Coping With The Symptoms Of PCOS

Polycystic ovary syndrome, or PCOS, can be a life-changing diagnosis for many women. It causes a host of difficult symptoms; from visible concerns like excessive hair growth and weight gain to serious medical issues like infertility and cardiovascular problems. If you’ve recently been diagnosed and are struggling to get a grip on the various symptoms you’re facing, here are some coping strategies to help you improve your life.

Excessive Hair Growth And Loss

One of the most obvious symptoms of PCOS for many women is the unusual hair growth pattern it can cause. The hormonal dysfunction caused by polycystic ovaries may cause hair to grow on the face and other areas of the body. It can also cause thinning of hair in other areas due to androgenic alopecia. This symptom may not be physically harmful, but it can cause real emotional distress. Shaving at home offers a cheap and obvious solution, but the hair generally grows back very quickly with a rough texture. If you’re looking for a more permanent solution, treatments like permanent laser hair removal melbourne will offer lasting results.

Some women prefer to treat the excessive hair growth symptom of PCOS with medication rather than with direct hair removal. Some doctors may choose to start a hormonal treatment that lowers androgen levels in the body, like spironolactone. These treatments may lead to hair growing in at a slower rate and with a lighter shade, but they won’t usually treat the hair loss caused by androgenic alopecia.


Many women with PCOS report fatigue as a primary symptom that interferes with their daily functioning. Fatigue may be a result of the hormonal imbalance, but can also be a symptom of thyroid problems or a vitamin deficiency. It’s important to have your doctor rule out any vitamin deficiencies so you can include supplements in your diet if necessary or alter your food intake. Fatigue can also be a side effect of some medications, or a result of poor sleep or low mood. It’s important to rule out any possible causes so you can start making lifestyle changes to boost your energy levels.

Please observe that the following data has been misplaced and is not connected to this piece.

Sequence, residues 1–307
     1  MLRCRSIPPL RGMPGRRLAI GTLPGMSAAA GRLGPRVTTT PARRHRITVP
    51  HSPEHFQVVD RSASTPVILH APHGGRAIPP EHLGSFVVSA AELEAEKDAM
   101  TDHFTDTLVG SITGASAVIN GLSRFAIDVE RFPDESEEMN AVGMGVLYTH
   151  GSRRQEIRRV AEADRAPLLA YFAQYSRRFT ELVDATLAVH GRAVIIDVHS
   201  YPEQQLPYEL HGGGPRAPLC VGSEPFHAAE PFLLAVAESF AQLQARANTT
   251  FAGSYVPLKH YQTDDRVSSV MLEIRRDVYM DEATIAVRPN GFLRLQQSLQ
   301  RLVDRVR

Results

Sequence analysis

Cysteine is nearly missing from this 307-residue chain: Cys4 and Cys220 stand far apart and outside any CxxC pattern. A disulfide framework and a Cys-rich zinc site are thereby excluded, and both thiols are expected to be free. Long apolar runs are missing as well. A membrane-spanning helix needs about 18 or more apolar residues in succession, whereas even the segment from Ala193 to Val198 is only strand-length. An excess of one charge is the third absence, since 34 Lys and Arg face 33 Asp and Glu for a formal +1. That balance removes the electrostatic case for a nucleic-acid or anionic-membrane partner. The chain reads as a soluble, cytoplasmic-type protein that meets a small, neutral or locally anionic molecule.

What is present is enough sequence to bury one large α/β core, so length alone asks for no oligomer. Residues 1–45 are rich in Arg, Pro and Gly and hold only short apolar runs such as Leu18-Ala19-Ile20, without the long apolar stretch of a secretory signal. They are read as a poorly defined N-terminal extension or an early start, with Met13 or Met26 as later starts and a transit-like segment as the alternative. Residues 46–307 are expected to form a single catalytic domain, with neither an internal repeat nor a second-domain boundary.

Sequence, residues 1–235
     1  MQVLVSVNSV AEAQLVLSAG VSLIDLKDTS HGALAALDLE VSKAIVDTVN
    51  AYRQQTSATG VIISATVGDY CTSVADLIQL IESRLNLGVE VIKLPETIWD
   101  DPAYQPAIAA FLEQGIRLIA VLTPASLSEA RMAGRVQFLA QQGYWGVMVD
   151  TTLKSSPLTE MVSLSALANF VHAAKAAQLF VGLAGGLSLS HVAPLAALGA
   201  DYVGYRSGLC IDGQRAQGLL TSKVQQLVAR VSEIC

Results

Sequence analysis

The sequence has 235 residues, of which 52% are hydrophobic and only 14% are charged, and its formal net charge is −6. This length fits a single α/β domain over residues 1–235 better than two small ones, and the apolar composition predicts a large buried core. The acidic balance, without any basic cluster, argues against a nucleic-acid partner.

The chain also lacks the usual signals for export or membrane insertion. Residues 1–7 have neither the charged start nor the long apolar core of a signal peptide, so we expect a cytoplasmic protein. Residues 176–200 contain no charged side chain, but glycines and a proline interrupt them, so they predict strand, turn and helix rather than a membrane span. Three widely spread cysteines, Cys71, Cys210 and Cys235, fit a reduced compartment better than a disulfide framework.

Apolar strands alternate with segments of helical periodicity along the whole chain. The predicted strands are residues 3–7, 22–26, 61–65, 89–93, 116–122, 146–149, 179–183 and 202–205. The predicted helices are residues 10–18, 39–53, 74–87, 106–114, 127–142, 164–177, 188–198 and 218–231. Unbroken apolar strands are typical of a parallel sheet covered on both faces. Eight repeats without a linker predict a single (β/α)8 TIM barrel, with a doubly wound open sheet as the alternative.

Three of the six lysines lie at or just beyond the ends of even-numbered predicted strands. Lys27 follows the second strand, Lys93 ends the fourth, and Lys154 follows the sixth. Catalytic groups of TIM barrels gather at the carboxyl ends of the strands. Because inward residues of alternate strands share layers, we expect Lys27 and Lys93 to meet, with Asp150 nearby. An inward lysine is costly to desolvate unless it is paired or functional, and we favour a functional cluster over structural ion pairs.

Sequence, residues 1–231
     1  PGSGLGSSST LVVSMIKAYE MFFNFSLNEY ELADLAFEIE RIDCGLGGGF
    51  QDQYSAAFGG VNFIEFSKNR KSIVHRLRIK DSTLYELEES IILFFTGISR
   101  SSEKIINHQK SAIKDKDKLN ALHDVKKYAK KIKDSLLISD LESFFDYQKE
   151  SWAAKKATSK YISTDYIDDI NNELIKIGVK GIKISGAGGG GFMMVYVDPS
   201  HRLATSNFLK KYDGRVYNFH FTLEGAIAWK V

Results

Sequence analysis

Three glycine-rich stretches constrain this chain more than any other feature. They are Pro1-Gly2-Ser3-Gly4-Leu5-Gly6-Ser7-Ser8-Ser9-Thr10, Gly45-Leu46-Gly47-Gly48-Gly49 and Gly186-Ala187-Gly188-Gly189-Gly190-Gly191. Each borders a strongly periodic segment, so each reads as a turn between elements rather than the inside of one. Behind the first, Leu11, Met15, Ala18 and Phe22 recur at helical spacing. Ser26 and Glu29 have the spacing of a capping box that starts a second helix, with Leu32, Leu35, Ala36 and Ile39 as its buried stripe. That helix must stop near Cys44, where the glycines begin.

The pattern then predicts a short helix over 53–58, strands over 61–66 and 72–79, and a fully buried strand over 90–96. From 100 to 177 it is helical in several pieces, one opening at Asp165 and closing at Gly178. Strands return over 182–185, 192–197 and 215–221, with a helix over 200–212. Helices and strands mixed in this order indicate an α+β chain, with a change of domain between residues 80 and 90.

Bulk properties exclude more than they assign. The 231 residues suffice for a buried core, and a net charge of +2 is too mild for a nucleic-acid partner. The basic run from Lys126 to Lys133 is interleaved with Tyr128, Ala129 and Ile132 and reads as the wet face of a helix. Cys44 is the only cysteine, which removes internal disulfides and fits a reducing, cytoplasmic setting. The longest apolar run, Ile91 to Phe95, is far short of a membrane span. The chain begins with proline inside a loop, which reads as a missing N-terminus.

Infertility is an unfortunate side effect of PCOS and one that can cause many women significant distress. If you want to start a family but struggle with PCOS, it’s important to keep a close eye on your cycles. This can be difficult with irregular periods, but using home ovulation kits can help you work out when you’re most likely to be ovulating. If you consistently get high readings on your ovulation kit but aren’t conceiving on those dates then it may be helpful to consult your gynaecologist to find out if the dates are correct.

If you’ve been trying for some time but haven’t conceived, a fertility specialist will be your next step. They can try various treatments and strategies to improve your odds of successfully conceiving, and can guide you through the options that are available to you at this stage.

It’s always important to connect with other women and couples who are having difficulties as a result of PCOS. Forming relationships with others who have had similar experiences will help you to feel less isolated, and could be a great source of new ideas and health tips for dealing with your symptoms.

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